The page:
By Ian McConnell

Business Editor

HOTELS in Glasgow and Edinburgh have recorded precipitous overall declines in revenue per available room, weighed down by the coronavirus pandemic, according to a report which flags potential for “staycations” to help recovery in 2021.

Accountancy firm PricewaterhouseCoopers’ UK hotels forecast report predicts an occupancy rate of 55 per cent across the UK in 2021. This would be an improvement on 42.2% for the year to July 2020. PwC flagged the situation faced by the hotel sector as the “bleakest” since benchmarking began in the 1970s. Its report concludes that it could take four years for occupancy to return to pre-pandemic levels.

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Edinburgh suffered the sharpest fall in revenue per available room of any of the 24 UK cities covered by the PwC survey, as the pandemic hammered international travel. Revpar is a key industry measure, calculated by multiplying occupancy by the average daily room rate achieved. Hotels in the Scottish capital are heavily reliant on international tourists. And Edinburgh’s traditional summer festivals were cancelled this year amid the coronavirus crisis.

Revpar in Edinburgh fell by 63% in the year to July to £28.32, from £77.37, as occupancy nearly halved to 40.3% from 79.8%. However, although the average cost of an overnight stay in Edinburgh fell to £70.36 during the period – a reduction of around one-third – the Scottish capital remained the third most expensive city in the UK in which to spend the night, behind London and Brighton, as room prices fell across the country.

In Glasgow, revpar declined 54% to £24.89. The average daily rate for a stay in Glasgow fell 17% to £58.57.

PwC said that, in Aberdeen, occupancy was 44.1%, down from 65.5% the previous year. However, it noted that Aberdeen, which “had been recovering from a regional economic downturn following the 2014 oil price crash, saw revpar declining only slightly, by 1%, to £54.99 – representing a less severe impact than in the Central Belt”.

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The firm said the hotel sectors in these three Scottish cities should “begin to recover in 2021 due to increased demand for ‘staycations’ across the UK, outside of London, with Scotland’s largest cities hugely popular with local tourists”.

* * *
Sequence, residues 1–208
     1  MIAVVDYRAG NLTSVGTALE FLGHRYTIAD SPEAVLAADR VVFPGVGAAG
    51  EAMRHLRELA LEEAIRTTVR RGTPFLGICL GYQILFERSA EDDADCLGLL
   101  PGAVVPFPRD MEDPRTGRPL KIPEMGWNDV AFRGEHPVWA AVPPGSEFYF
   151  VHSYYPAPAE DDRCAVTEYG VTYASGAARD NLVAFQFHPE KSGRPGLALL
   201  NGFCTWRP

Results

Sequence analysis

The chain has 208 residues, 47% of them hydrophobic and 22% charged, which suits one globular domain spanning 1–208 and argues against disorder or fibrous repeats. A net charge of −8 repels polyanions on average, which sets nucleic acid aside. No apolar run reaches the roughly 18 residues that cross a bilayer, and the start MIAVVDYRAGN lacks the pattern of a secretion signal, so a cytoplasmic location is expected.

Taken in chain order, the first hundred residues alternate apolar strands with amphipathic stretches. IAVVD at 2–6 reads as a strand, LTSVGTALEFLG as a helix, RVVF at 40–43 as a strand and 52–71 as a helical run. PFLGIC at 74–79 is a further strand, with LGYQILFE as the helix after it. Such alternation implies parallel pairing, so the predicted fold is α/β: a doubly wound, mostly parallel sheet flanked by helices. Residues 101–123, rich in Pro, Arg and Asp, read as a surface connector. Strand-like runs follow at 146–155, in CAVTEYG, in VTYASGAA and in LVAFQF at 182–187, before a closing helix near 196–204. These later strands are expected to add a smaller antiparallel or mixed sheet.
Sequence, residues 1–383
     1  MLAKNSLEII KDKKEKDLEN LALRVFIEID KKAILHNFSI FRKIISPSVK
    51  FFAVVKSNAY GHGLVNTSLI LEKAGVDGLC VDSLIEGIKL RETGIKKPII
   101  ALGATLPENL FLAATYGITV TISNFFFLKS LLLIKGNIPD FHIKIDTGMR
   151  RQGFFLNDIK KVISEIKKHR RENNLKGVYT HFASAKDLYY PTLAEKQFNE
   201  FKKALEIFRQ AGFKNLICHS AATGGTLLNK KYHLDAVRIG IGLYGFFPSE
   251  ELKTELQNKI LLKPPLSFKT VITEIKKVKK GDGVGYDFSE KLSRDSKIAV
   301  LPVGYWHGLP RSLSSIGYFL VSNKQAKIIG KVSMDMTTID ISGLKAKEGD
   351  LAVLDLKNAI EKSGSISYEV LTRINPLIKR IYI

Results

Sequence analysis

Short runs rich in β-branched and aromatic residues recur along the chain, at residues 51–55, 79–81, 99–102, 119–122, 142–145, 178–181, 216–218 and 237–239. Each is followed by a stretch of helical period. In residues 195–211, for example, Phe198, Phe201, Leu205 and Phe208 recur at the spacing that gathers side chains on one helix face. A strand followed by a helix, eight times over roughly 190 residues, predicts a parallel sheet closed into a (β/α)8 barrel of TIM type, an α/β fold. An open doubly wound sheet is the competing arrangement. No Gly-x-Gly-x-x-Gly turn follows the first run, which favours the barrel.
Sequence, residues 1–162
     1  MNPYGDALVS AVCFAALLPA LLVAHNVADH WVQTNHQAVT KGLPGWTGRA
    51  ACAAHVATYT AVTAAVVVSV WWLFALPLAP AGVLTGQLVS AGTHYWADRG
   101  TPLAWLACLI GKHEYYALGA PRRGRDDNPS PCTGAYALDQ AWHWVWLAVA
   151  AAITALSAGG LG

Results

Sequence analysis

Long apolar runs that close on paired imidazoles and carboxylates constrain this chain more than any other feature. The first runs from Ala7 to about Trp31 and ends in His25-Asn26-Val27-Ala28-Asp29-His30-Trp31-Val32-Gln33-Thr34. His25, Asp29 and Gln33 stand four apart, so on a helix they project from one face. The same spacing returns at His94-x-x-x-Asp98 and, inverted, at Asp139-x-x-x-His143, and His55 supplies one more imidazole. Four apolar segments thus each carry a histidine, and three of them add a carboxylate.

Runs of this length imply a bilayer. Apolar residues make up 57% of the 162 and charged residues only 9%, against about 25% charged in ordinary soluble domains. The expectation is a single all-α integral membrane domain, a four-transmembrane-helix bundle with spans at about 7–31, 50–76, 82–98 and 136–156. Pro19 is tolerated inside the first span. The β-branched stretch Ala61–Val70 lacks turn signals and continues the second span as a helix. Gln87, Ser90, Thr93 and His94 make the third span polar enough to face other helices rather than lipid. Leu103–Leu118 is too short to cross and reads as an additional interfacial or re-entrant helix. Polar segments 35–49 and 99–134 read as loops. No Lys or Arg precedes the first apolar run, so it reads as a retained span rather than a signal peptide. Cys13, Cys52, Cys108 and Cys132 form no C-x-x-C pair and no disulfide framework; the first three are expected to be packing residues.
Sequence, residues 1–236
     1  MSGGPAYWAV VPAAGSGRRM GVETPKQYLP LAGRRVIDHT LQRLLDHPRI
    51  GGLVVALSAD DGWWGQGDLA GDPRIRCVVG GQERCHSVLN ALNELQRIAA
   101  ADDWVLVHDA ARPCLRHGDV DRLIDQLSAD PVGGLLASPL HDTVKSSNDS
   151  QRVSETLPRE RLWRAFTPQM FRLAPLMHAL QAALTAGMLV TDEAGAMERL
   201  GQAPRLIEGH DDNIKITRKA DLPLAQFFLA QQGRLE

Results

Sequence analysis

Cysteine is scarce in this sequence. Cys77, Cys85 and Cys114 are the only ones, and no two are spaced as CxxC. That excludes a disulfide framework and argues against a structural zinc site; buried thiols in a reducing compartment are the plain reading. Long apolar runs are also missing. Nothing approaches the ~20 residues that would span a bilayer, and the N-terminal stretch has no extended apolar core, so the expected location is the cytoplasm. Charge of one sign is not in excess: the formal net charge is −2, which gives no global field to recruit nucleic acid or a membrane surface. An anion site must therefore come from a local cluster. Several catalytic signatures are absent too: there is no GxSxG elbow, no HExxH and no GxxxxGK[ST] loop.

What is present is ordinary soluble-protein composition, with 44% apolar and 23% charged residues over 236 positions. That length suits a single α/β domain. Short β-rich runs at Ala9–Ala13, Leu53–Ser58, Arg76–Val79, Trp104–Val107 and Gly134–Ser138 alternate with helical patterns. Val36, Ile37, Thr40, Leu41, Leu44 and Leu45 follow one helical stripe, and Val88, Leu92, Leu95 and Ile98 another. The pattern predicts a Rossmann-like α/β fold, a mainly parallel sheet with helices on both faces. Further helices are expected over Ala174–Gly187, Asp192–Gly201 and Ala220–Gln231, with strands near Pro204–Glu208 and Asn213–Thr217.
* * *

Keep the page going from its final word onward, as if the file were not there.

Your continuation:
Hotels in Scotland reopened in mid-July, having closed in late March with the move to full lockdown, missing out on what is normally a key trading period.

Claire Reid, market leader for PwC in Scotland, said: “The hotel sector, like the entire hospitality industry across Scotland, has been more heavily impacted than most by the economic impact of the pandemic, and while the road to recovery is unlikely to be smooth, there are actions that hoteliers, and those who invest in the industry, can take to put themselves on the right path. Through focusing on operations, liquidity and cash, hotels can help mitigate the uncertainty of the market.”

She added: “Our cities still have plenty to offer and will appeal to those looking for a ‘staycation’ in 2021, and that will give hotel operators some hope.”

However, PwC flagged particular challenges for the likes of London and Edinburgh in terms of international visitors. It said: “Business travel will remain muted. Key gateway cities relying heavily on international leisure, or corporate and events-driven demand, including London and Edinburgh, are forecast to experience lower occupancy rates in 2021 compared to coast and country locations.”

Referring to its UK occupancy projections for 2021, for London and the “regional” market elsewhere in the UK, it added: “The forecast for occupancy in 2021 is predicted to be 52.4% for London and 59.2% for the regions. This represents a decline of 31% and 16% respectively when compared to 2019. This shows the scale of the challenge for hotels planning for the year ahead: the only significant market now, and into 2021, will be UK domestic tourism.”

PwC noted its forecast for UK hotels in 2021 was “modelled on an average of two scenarios regarding Covid-19”. It said: “The first assumes a vaccine in Q1 2021, the second assumes a vaccine in Q3, though neither are guaranteed. If no vaccine is developed this will dampen demand further.”